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PO.7.163 Epidemiology of systemic lupus erythematosus among black africans living in Africa: a pooled analysis of data from 896 subjects
  1. M Essouma1,
  2. JR Nkeck2,
  3. FT Endomba3,
  4. JJ Bigna4,
  5. M Singwe-Ngandeu2 and
  6. E Hachulla5
  1. 1London ~ UK
  2. 2Yaoundé ~ Cameroon
  3. 3Dijon ~ France
  4. 4Paris ~ France
  5. 5Lille ~ France


Background This was the first systematic review and meta-analysis on the epidemiology of systemic lupus erythematosus (SLE) among Black Africans living in Africa.

Methods We queried PubMed, EMBASE, Web of Science, African Journals Online, and Global Index Medicus to select studies published in the period 01/01/2008–7/10/2018, and addressing SLE among Black Africans living in Africa. Results were pooled through narrative review and random-effects model, and the review protocol was registered with PROSPERO (CRD42019139226).

Results Of 1502 records, we included 15 hospital-based studies. There was no incidence data. The pooled prevalence of SLE in Rheumatology and Internal Medicine departments was 1700 per 100,000 persons (800–2900). The mean age at diagnosis ranged from 28.8 to 39.2 years, and the female proportion from 88% to 100%. The commonest SLE features were rheumatological (5.1%-99.9%), mucocutaneous (4.3%-100%) and hematological (1.4–86.9%). Patients had a high seroprevalence for anti-ribonucleoprotein 57.9% (36.4–77.9), anti-Smith 53.5% (40.4–66.2), anti-Sjogren syndrome antigen A 45.6% (19.2–73.4) and anti-Sjogren syndrome antigen B 33.7% (13.6–57.6) autoantibodies. Mean SLEDAI score (from one study) was 9.8±8.6. There was no measure of damage accrual. The pooled mortality rate was 10.3% (3.3–20.6), and main death causes were infections, kidney and central nervous system involvement.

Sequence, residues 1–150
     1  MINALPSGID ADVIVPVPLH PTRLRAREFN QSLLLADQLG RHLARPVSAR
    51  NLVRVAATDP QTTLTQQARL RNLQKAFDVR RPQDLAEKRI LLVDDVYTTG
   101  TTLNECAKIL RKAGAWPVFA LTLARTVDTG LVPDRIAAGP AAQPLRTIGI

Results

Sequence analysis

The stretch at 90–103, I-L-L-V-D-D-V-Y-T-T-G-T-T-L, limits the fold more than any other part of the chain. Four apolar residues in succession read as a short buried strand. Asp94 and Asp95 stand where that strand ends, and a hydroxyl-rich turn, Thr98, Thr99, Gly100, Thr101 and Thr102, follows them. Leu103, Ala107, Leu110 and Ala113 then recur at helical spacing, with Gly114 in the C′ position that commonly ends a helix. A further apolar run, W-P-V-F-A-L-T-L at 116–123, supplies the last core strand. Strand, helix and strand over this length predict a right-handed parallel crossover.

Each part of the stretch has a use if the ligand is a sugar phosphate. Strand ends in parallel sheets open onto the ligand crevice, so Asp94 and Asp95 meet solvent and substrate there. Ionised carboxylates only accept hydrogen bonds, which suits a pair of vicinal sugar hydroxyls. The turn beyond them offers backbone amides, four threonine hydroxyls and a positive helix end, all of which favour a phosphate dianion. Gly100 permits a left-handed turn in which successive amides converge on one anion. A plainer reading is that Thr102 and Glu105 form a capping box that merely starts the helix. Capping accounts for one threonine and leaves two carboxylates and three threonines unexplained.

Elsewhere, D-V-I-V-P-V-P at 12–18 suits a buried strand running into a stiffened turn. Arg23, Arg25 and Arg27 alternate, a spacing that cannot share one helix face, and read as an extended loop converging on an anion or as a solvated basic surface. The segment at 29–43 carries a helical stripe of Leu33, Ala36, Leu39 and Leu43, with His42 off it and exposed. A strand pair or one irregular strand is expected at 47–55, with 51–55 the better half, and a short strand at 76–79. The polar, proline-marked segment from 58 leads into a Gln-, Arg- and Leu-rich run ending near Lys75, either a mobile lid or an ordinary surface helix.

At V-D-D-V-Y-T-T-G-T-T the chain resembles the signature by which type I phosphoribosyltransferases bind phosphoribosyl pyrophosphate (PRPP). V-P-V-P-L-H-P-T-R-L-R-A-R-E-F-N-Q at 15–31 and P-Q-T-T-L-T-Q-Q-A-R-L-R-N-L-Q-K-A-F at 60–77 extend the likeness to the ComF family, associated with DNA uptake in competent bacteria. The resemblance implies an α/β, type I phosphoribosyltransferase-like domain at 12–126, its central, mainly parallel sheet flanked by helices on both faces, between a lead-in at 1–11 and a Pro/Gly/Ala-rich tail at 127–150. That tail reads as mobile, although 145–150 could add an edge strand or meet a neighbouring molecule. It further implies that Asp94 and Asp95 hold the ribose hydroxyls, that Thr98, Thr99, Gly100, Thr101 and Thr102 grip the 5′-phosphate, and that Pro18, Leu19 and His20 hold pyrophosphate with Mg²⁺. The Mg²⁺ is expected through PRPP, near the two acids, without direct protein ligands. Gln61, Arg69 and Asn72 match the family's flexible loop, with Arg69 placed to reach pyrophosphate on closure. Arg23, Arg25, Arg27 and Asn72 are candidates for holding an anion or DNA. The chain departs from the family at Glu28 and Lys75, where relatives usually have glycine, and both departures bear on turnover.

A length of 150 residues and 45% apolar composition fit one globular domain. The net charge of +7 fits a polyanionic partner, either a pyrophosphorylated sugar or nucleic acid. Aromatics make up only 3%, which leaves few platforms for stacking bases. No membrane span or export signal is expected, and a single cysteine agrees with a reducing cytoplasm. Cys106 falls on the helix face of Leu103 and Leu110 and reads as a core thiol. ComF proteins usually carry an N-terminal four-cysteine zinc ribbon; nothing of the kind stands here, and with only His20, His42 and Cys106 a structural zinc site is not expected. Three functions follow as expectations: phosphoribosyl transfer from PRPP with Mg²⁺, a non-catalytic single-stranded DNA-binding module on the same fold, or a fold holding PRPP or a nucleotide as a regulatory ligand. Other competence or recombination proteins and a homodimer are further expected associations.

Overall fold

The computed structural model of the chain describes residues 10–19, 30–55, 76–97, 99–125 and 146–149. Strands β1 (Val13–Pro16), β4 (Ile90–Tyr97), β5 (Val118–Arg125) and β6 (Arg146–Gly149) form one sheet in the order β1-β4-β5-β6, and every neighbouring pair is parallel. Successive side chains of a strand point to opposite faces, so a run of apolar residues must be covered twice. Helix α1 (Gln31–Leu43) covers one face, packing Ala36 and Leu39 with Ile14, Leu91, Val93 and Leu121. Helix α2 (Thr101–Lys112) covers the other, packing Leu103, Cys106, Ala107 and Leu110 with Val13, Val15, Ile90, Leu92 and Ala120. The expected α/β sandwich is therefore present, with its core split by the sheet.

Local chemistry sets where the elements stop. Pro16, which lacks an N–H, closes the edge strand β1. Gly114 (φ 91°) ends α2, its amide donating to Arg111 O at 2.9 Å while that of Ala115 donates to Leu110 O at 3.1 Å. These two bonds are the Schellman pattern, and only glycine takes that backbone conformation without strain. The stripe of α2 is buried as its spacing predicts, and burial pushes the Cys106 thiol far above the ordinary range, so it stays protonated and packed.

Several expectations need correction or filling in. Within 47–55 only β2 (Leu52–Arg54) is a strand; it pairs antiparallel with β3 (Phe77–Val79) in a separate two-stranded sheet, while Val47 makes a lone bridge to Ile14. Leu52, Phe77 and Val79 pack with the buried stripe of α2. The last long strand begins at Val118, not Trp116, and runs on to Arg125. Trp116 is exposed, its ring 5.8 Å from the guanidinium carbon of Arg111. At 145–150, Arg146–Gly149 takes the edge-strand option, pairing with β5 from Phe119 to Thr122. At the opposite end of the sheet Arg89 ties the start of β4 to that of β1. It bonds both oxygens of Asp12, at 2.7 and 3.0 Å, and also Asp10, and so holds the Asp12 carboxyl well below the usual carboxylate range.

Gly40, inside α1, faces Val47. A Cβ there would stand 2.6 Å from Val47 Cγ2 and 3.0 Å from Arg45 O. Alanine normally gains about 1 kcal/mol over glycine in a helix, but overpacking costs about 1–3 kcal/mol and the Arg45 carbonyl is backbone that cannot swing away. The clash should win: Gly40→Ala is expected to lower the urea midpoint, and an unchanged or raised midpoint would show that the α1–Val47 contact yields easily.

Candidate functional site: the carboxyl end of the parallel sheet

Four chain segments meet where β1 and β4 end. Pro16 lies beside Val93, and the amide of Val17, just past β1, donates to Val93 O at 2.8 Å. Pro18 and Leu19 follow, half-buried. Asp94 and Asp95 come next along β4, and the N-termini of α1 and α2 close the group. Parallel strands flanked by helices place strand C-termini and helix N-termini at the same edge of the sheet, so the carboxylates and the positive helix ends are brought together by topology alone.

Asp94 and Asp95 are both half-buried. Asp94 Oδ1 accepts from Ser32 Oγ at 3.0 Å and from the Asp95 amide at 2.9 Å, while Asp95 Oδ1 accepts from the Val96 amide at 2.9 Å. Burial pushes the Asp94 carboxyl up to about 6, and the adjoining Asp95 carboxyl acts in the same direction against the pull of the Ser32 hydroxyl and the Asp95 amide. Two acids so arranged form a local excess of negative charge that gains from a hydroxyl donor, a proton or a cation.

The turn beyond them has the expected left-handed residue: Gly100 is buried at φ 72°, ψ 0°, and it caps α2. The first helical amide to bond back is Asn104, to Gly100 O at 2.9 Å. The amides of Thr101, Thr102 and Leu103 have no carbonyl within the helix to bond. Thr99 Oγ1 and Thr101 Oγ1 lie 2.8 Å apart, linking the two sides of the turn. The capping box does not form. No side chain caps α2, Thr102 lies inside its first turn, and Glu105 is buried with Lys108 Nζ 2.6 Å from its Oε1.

Conclusions Over the last three decades, the epidemiology of SLE among Black Africans living in Africa shared many similarities with data from Black Africans living in the diaspora.

Acknowledgements None.

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